Improving a campus without growth: Matt Reed's excellent and difficult challenge

What if your college or university isn’t going to grow, and you can’t cut your way to sustainability?  What do you do then?  Community college dean and Inside Higher Ed commentator Matt Reed posed this hard challenge in a couple of columns last week (1, 2).  It’s a terrific prompt for anyone thinking about the future of education.

Let’s start by establishing Reed’s parameters.  He begins by describing the way institutional cuts ultimately become self-defeating:

[C]uts do damage that starts to show up in enrollments. Too many classes cancelled or calls unreturned lead to attrition, which leads to calls for still more cuts. Cut an off-campus location to save money, and whoops, you lose its enrollments, leading to a need for more cutting. Add an inexorably rising underlying cost — say, just hypothetically, health insurance — and you have the makings of a death spiral.

Then he reminds us that the old growth pattern isn’t working out in most cases.  Recall that American higher ed grew enormously from around 1985 through 2011:

Historically, the path to growth was through, well, growth. Build buildings, add programs, hire people, and students would come.

That’s not true anymore, and in fact, trying it can be destructive; it can saddle a college with debt that declining enrollments won’t let it pay.

Given those two boundaries – no growth, no cuts – the overwhelming majority of American higher education institutions is now caught in this position:

When the message on one side is to keep cutting until the bleeding stops, and on the other side is to hold your breath until the good times magically return, the only way for something good to happen is to change the narrative.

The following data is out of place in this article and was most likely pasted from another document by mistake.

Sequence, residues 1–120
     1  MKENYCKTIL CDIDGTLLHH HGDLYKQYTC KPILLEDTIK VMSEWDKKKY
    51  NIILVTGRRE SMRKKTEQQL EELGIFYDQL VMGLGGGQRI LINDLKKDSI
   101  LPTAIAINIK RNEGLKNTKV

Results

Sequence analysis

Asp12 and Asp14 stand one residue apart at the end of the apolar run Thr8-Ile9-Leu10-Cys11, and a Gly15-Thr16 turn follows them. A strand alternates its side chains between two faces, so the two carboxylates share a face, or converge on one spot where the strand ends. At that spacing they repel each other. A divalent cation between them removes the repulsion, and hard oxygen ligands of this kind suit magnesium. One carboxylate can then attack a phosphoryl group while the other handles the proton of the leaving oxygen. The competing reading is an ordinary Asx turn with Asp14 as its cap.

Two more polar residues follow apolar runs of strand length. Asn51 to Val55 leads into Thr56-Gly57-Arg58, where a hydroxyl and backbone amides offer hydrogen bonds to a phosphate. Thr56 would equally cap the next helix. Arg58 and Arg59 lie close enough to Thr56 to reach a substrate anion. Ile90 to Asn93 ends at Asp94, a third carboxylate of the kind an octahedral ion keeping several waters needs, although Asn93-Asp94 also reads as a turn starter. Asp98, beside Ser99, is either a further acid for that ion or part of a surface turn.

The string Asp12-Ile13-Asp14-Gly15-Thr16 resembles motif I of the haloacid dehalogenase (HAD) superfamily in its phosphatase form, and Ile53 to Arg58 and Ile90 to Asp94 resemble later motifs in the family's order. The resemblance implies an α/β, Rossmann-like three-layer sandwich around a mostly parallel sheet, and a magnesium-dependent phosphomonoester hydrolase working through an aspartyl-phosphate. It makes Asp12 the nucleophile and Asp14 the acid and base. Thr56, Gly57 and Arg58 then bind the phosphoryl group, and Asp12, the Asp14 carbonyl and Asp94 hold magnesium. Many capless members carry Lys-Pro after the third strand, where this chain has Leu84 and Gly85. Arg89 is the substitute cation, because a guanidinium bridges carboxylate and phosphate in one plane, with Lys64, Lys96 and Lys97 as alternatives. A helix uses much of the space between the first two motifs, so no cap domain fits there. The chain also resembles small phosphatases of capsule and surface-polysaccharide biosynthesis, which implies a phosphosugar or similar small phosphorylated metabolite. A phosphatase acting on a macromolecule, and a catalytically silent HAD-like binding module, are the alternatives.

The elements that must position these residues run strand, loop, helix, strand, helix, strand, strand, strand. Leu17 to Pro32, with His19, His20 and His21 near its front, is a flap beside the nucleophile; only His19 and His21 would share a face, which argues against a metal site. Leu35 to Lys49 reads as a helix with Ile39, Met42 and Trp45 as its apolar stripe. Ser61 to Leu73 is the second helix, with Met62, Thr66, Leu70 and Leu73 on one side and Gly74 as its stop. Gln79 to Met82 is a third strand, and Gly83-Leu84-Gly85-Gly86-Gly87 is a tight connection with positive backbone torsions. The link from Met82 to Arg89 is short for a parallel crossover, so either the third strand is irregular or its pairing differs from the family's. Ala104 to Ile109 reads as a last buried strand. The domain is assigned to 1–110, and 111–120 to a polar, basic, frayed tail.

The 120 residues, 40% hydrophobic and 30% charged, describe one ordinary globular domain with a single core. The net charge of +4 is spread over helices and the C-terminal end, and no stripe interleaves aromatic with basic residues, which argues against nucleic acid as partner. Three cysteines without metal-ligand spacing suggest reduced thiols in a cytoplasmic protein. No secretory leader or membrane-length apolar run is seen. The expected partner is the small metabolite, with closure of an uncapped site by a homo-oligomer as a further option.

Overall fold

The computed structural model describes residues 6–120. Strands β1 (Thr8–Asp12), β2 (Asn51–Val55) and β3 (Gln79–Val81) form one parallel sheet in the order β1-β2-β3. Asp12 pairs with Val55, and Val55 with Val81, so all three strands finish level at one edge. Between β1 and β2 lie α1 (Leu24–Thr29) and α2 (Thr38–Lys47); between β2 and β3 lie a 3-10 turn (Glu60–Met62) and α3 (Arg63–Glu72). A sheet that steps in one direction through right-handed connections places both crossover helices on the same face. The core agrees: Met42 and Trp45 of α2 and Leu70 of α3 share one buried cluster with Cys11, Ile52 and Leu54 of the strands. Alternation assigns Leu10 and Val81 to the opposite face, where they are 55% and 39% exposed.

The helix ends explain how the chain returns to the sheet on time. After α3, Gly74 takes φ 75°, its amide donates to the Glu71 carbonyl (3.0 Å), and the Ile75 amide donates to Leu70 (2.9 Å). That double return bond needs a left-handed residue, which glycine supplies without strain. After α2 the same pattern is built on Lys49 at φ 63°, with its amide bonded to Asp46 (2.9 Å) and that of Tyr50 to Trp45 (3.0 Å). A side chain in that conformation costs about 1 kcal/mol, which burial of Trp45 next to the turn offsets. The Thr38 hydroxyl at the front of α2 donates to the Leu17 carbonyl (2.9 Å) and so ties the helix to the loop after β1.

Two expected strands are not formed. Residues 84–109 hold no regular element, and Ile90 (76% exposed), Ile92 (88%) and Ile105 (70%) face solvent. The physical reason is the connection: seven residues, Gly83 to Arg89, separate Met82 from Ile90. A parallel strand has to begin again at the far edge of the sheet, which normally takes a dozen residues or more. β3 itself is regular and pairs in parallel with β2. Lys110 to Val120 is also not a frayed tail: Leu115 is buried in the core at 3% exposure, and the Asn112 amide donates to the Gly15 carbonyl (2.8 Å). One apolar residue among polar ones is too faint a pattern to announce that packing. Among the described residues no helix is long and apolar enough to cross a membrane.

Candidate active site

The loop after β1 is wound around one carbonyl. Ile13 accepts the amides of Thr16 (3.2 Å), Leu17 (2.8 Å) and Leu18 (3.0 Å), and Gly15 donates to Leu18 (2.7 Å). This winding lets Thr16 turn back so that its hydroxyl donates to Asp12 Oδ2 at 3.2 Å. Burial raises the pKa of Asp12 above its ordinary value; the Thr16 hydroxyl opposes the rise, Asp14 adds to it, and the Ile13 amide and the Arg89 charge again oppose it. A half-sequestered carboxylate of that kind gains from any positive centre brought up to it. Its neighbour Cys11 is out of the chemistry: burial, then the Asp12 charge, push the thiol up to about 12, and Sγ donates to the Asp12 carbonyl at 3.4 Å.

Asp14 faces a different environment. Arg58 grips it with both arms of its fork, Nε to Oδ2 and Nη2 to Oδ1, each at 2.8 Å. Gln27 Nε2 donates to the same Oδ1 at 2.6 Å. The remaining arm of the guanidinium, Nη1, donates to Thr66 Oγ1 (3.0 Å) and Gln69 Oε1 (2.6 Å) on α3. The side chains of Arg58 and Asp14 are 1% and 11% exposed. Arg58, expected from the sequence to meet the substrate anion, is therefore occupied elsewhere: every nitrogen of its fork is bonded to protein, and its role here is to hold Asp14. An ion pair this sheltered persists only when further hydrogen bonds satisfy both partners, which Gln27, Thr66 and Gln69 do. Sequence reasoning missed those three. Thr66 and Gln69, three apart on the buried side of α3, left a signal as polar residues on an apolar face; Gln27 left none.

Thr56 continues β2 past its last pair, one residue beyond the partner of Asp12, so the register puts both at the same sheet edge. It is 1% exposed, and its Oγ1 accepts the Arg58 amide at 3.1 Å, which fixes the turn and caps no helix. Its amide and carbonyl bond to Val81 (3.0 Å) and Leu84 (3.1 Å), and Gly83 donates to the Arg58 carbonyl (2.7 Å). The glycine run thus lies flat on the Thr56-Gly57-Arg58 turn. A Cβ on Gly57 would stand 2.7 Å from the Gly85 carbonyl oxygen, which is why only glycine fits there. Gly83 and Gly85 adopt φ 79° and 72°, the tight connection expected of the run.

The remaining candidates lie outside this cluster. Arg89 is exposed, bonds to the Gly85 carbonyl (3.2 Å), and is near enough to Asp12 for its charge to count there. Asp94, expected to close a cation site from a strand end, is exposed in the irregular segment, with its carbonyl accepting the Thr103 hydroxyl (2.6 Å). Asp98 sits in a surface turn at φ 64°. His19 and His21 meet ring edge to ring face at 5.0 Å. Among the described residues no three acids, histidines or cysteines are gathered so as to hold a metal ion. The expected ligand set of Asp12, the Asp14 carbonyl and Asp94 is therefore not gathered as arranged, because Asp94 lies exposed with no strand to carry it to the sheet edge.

So what do we do now?  Reed offers a four-fold test for solutions, then proposes some interesting low-cost approaches, like a semester redesign, which I recommend exploring.

From American higher ed, I’m seeing a few strategies in play.  Remember, these shouldn’t rely on new funding or brutal cuts:

Grow international If America isn’t growing its number of undergrad and grad students any longer, one solution is to head abroad.  Colleges and universities of all kinds are recruiting extensively from the rest of the world, especially central and east Asia.

Expand online This is another way to boost student numbers, by recruiting adult students from around the world, especially learners who aren’t physically co-located.  This isn’t cheap to do, but a good number of institutions already have some or all of the mechanisms in place.

Focus on student success A campus grows resources aimed at boosting student degree completion.  This can include expanding advising, changing curricula, creating new paths to degree, etc.  It could also involve applying new research from learning science to faculty teaching through professional development.

Embrace open Cutting student textbook and material costs can make a big difference for poor and working-class students.  Giving students more access to scholarly research through open access publishing expands their learning as well.

Partner with local high schools The main capital here is administrative time, and there may well be political incentives to expend it.  The other incentive is the chance to grow student numbers by having high school students taking higher ed classes and by encouraging them to attend full time later on.

Share classes with other campuses A college or university can open up a class to students from another institution.  We’ve already seen this done in multiple projects.  For a little administrative overhead (which declines rapidly with practice) a school can expand its curriculum.

Boost study abroad If an institution already has study abroad support in place, including local staff and programs, plus relationships with host universities, this can heighten a campus’ appeal.  Wealthier students are especially well placed to take advantage of this.